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Thread: Dado Blades

  1. #21
    Join Date
    Feb 2005
    Location
    Tucson, Arizona, USA
    Posts
    5,324

    Default Re: Dado Blades

    After I bought a table saw that had enough power and a long enough arbor to handle a 6" diameter x 3/4" wide, stacked dado set, I took a chance and bought a cheap carbide toothed set (not even brand named). I'm not sure, but I think it's from China. I've left it mounted on my "dado table saw", and use it for any dado cuts I make; mostly 3/8" deep dado's for joining the edges of super components, and the frame rest rabbet. I also use it to remove the waste on frame Top Bars, leaving the ears/lugs that support the frames in their hives, and I also use it to cut 3/8" deep x 7/8" wide grooves in the top edges of my homemade End Bars, just before making the final cuts that separate each individual End Bar, from their blanks. I use a sacrificial fence, adjust it so the 3/16" ears (providing a 3/8" bee space between frame Top Bars, once assembled) are left on the 1-1/4" wide, End Bars on the outside of the dado blades, feed the blanks about 1/2 way through, then reverse it, feed it all the way through, then reverse it again and the dado removes the remainder of the waste, this provides me with a nice, clean cut in the End Bar blanks, with almost no tear-out, and in just three passes per blank. Then they're ready for each individual End Bar to be cut off on the band saw. I keep all my tools, clean and lubricated between each use, and this $40 dado set is still serving very well, going on six years, now.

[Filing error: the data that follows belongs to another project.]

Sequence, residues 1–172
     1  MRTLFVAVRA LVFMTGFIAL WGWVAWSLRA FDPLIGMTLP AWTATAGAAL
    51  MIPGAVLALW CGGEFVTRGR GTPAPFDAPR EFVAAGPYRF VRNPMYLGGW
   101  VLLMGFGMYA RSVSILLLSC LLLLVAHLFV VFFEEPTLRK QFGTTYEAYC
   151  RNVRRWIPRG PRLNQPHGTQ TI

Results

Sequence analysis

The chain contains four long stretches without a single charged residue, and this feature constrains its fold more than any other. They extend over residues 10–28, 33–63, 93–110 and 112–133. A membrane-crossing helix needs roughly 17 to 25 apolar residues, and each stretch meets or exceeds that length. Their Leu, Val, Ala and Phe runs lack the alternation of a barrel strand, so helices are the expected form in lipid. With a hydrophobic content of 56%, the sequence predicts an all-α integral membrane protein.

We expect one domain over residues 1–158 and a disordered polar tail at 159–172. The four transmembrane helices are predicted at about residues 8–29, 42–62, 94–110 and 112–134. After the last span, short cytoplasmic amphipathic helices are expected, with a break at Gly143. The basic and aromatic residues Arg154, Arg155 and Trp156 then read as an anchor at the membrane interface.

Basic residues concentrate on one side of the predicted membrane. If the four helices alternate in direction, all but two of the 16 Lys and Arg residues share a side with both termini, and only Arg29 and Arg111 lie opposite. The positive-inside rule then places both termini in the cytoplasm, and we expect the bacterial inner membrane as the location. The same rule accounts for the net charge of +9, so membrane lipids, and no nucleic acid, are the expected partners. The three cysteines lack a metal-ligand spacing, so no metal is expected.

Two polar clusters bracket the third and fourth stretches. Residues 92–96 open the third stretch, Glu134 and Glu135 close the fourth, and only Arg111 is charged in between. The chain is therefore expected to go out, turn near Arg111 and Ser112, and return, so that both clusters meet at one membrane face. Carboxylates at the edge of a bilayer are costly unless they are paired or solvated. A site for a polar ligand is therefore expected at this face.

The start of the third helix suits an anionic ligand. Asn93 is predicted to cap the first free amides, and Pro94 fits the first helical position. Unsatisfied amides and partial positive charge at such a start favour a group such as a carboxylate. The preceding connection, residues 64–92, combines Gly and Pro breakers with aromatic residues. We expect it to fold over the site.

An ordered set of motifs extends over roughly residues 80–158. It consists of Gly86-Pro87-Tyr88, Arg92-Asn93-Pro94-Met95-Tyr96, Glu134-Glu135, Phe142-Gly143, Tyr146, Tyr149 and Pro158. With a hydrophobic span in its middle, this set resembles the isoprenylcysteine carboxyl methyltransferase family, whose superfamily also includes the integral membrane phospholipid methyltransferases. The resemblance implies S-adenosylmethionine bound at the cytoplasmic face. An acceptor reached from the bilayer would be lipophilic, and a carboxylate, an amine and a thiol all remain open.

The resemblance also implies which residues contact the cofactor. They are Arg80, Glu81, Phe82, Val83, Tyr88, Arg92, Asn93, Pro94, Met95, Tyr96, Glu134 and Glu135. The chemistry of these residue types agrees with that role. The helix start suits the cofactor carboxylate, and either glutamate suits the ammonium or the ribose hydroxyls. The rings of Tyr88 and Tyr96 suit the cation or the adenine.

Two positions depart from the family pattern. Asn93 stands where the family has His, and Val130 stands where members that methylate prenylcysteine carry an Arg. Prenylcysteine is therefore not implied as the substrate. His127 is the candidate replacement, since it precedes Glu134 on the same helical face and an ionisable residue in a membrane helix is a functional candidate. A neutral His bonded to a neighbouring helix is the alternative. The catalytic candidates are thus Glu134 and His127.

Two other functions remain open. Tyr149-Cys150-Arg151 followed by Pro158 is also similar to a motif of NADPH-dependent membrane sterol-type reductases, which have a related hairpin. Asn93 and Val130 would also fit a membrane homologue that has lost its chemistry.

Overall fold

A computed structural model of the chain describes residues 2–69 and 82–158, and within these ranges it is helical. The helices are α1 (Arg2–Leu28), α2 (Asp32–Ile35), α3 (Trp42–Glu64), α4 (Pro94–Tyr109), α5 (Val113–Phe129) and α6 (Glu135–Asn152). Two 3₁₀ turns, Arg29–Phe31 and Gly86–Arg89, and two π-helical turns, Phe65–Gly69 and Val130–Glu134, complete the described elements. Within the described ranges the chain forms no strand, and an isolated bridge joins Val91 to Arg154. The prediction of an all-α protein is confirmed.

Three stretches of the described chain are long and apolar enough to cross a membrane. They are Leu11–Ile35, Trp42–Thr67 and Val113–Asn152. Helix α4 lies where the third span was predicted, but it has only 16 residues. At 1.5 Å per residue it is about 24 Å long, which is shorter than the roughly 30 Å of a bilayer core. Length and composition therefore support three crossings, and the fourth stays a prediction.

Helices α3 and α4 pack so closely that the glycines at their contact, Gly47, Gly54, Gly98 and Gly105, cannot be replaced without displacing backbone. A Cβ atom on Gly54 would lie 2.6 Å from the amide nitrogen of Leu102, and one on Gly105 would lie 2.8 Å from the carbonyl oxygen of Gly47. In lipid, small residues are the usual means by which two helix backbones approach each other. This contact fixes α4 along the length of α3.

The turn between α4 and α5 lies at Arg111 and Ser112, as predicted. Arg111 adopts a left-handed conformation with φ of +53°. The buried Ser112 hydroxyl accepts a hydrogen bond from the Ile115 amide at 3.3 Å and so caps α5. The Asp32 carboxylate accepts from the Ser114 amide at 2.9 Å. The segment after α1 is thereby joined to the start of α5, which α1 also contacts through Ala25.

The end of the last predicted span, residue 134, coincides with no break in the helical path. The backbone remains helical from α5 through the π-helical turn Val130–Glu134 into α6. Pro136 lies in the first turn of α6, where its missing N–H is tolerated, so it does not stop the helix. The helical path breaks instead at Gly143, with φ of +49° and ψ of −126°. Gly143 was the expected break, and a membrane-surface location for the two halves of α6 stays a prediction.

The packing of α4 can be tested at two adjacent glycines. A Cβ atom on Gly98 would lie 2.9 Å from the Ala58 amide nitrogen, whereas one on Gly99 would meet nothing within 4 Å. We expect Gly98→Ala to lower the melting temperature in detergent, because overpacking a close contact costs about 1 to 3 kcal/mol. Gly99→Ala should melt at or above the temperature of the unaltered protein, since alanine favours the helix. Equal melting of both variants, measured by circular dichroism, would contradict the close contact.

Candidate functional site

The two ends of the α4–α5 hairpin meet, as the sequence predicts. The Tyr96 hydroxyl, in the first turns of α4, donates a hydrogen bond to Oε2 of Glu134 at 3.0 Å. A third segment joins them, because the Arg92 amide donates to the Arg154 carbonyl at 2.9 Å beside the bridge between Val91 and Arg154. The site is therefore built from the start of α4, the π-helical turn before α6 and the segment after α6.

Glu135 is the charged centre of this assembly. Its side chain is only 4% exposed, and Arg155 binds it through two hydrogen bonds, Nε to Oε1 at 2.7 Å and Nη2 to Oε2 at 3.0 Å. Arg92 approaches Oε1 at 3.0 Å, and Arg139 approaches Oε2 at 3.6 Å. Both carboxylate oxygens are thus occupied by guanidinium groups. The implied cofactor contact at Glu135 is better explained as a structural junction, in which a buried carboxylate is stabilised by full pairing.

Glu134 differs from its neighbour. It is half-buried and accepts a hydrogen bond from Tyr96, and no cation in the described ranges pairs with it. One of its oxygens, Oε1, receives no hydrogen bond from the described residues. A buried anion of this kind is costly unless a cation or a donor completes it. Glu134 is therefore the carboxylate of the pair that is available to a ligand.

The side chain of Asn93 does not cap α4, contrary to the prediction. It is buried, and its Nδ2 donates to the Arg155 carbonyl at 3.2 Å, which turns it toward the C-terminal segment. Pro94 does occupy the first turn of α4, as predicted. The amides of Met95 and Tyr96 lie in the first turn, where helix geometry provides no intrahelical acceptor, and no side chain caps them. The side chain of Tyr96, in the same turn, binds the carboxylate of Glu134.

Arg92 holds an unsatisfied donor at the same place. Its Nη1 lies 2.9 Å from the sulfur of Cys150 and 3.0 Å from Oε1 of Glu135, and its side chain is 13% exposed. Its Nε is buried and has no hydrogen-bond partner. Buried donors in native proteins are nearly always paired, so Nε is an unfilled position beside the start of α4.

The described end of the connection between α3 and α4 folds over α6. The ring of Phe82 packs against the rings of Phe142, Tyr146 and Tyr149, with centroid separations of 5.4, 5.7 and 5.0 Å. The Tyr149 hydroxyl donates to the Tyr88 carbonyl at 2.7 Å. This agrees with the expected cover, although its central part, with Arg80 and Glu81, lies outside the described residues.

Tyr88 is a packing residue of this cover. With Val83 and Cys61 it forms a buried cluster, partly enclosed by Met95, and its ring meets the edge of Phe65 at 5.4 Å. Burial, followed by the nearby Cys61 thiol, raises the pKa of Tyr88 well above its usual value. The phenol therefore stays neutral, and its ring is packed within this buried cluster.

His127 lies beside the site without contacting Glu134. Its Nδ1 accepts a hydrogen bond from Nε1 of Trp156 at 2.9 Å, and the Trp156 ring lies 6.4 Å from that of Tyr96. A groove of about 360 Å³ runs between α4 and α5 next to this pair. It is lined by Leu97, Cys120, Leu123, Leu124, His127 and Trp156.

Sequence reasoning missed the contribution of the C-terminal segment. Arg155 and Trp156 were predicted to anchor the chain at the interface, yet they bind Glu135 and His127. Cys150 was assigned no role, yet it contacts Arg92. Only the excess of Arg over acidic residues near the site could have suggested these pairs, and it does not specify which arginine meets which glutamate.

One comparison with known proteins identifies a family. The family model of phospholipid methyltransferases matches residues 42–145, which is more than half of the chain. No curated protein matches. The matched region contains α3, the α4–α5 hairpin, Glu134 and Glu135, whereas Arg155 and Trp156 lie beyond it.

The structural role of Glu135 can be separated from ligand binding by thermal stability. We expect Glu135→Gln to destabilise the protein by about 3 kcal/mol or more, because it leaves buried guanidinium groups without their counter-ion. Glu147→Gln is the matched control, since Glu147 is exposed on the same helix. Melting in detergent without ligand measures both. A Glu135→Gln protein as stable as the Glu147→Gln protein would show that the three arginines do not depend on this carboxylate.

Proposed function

48 years - 50 hives - TF
    Joseph Clemens -- Website Under Constructioni

  2. #22
    Join Date
    Feb 2010
    Location
    Park City Ky
    Posts
    1,802

    Default Re: Dado Blades

    Quote Originally Posted by Colino View Post